Monday, 12 March 2012

Inaugural Address: The College of Sociology (2012 - …)

In the late 1930s the dual decline of Christianity and the world economy had left a vacuum being filled by cultish politics of both left and right. In response, Georges Bataille, Roger Caillois and others set up the College de Sociologie to identify, understand and harness the power of the sacred for good. The College explored sacred ideas from around the world, trying to discover something essential and transferable. The College itself disbanded when war broke out and partly because Christianity proved more resilient than originally thought; partly because new faiths arose to fill the vacuum; partly because economic circumstances improved; and partly because people’s aversion to Christianity had turned out to be only part of a wider aversion to hierarchical representation of the spiritual, the ideas of the college slowly became unpopular. Yet today in a new age of spiritual and economic uncertainty, many of the same problems identified by the college are coming to the fore once more. Moreover the resilience of Christianity and the emergence of new faiths may turn out to be an advantage in the project: we can learn lessons from people with whom we share a common language and culture. With this in mind, I propose to revive the College of Sociology.

Against the backdrop of the decline of Christianity, much work towards identifying, understanding and harnessing the power of the sacred had already been undertaken by Emile Durkheim, Marcel Mauss and Gustave le Bon. Michele Richman tells us that while Durkheim and Mauss certainly influenced fascism, we know that the more cynical work of le Bon was actually read by Mussolini (2002). Although much of the rational support for fascism was economic, as a movement fascism filled a spiritual vacuum. In Russia, communism was similarly taking on spiritual dimensions. The most famous response at the time was surrealism. Surrealism began in the early 20th century as a response to excessive rationalism. It proposed to convey the deepest thoughts possible, undisturbed by rational ideas. As fascism arose, the conveyance of the deepest thoughts possible remained important as a way of criticising control.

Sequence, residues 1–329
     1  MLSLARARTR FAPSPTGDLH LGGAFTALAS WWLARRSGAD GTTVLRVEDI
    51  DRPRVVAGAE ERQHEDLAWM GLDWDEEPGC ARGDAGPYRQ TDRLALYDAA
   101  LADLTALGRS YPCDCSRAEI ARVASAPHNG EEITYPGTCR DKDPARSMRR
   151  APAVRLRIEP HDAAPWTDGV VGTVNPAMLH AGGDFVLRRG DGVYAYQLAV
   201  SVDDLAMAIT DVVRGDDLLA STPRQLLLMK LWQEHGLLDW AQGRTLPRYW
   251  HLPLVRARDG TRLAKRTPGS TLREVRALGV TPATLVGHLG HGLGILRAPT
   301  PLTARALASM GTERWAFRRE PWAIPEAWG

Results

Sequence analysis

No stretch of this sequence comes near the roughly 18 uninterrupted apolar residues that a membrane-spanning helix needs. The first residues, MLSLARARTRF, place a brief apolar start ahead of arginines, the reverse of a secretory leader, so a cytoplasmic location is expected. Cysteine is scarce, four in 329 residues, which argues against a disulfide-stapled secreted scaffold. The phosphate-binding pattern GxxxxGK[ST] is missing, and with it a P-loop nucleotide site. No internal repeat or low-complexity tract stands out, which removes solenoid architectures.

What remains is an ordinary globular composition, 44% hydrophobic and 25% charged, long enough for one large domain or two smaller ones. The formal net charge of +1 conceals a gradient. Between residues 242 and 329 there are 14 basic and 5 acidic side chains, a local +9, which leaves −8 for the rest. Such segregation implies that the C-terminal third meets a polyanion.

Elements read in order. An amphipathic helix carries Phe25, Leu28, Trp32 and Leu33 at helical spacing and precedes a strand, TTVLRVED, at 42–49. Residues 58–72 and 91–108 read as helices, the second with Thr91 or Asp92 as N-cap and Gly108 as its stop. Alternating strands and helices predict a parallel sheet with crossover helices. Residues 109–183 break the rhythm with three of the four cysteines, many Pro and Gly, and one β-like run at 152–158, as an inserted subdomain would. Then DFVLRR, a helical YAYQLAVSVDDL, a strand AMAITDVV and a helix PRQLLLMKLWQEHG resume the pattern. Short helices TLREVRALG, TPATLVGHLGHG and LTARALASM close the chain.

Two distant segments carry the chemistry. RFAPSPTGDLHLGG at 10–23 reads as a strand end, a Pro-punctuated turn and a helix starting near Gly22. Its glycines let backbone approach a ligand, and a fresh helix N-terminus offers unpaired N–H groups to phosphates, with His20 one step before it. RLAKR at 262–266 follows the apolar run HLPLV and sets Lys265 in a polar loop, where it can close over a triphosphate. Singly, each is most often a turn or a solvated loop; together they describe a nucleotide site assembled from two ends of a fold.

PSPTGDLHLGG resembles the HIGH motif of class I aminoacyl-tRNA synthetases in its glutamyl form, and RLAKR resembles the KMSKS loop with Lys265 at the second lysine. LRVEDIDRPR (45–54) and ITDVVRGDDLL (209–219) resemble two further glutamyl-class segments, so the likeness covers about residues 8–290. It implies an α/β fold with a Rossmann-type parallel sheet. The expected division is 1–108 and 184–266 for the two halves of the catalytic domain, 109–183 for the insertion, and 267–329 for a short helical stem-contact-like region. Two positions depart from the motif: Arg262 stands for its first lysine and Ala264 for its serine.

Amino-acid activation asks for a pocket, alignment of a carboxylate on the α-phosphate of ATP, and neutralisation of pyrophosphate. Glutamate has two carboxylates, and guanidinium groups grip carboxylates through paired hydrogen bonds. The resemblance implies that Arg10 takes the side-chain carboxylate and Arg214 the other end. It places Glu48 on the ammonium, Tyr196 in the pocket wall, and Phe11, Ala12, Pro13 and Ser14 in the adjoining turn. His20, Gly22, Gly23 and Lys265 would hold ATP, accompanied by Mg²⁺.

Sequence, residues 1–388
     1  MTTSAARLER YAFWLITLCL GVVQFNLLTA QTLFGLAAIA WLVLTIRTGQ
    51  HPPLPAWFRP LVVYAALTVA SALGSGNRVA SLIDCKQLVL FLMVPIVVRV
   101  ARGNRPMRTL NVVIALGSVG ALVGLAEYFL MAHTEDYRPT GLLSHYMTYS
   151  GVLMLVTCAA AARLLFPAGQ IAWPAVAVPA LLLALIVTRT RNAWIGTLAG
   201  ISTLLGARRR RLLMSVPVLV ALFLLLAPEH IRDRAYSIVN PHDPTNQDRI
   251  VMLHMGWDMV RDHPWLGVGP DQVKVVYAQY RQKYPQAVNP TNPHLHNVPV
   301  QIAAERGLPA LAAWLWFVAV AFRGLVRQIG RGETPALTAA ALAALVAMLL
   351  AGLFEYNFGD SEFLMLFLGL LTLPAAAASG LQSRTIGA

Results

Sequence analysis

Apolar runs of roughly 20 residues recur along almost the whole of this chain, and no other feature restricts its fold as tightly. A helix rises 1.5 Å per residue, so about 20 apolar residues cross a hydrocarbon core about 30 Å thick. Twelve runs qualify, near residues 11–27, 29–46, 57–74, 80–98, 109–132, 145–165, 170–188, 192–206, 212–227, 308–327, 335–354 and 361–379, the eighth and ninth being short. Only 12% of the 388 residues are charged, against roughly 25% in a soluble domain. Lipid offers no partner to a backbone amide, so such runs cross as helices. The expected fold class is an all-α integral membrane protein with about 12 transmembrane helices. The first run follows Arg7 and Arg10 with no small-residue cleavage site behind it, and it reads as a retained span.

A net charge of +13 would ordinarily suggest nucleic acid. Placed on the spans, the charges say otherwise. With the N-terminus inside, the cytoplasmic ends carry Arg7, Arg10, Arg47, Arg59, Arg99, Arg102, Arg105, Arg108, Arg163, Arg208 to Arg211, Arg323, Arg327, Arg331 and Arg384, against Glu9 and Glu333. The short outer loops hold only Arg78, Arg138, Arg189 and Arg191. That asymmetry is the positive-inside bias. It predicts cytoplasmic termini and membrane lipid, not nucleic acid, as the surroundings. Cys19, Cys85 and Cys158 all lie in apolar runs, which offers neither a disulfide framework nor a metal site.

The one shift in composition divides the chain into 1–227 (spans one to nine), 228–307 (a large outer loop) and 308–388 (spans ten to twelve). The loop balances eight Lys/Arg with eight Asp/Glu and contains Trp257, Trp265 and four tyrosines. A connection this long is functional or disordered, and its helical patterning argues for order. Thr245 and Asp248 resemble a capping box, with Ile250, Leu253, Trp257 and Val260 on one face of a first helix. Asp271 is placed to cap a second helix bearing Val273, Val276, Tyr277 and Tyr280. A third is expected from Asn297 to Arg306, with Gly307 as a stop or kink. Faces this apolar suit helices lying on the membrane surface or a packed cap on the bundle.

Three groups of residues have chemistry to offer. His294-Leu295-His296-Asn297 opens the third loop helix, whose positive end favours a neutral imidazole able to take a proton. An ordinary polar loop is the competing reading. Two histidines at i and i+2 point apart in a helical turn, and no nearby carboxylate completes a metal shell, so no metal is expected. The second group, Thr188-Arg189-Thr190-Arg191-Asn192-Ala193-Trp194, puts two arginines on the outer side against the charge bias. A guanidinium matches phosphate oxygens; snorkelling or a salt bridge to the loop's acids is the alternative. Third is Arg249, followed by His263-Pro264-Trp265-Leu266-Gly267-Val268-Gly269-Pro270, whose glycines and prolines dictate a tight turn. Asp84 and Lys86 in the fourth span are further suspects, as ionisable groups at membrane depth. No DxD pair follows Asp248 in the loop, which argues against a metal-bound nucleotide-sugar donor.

The College of Sociology felt surrealism’s response was inadequate; it was too subjective. For the College, the only way to convey the deepest thoughts or to experience the most intense feelings was as a collective. Surrealism’s ability to convey the deepest thoughts possible could not adequately criticise fascism because the latter was more equipped to convey those thoughts. Instead a response to fascism had to beat it at its own game - it had to create a collective euphoria more powerful than that of fascism. Fascism had itself been a spiritual response to excessive rationalism in politics. So as Dennis Hollier explains, the College wanted “to find out what united men and to study the sacred…human activities “as they create unity”” (1979: xi). This often meant denouncing art that encouraged individualism - surrealism, the novel generally - as much as celebrating that which encouraged unity - theatre. It also meant denouncing liberal democracy. By promoting individualism, liberal democracy had disintegrated unity to the extent that when threatened with war, the French lacked an intense reaction (1979: xv).

The “ sacred human activities” that the College studied in the hope of restoring unity ranged from the clergy and the military to cults and secret societies and avant-garde art communities, of which the College considered itself one. Today we can extend this to community organisations, football supporters, book clubs, riots, raves and many more.